Since the start of course 5, three weeks ago, I have had a lot to think about in terms of using technology in math classes. During the first days of the course I was attending the Computer Based Mathematics Summit in London. Over 2 days, discussion panels covered many of the issues raised on how to truly integrate the use of tech tools into the math curriculum as described by the SAMR model and Tech Integration Matrix approaches to transforming learning using technology.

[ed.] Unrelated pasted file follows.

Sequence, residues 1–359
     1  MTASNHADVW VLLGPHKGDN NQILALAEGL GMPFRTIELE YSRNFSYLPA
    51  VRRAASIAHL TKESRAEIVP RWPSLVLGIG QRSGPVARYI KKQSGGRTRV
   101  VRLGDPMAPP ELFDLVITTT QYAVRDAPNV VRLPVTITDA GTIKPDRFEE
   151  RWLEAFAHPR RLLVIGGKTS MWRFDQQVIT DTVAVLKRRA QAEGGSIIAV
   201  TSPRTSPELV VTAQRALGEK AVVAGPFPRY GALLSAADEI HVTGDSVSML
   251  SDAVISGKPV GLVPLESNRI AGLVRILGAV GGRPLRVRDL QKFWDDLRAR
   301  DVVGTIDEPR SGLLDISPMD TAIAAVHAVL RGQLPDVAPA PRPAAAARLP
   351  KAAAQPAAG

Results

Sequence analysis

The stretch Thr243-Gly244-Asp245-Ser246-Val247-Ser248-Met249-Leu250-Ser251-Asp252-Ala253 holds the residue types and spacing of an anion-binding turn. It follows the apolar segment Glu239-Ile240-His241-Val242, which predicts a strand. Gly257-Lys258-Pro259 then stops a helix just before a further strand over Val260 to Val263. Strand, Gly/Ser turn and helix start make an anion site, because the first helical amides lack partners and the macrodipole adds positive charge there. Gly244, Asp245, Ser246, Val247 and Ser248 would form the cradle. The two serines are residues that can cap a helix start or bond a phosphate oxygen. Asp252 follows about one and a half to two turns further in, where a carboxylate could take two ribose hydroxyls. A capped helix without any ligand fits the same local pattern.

Much of the discussion at the summit revolved around how tech tools has made the teaching of mathematical algorithms such as factoring, solving equations and finding the derivative of a function either less important or unnecessary. Students with the latest iPhone can now use Siri to answer basic calculus questions and the Khan Academy has videos on the step by step process for any math skill I learned as a high school student. Dan Meyer recently wrote in his blog how textbook companies are missing the opportunities to transform how students use e-books to learn math. With his taco cart problem he points out how technology can help students with the process of abstraction that they need to use to turn a real world problem into a math problem. Using technology as an indispensable tool to help students learn problem solving skills that cannot be programmed into an iPhone should be the goal of any computer based math course.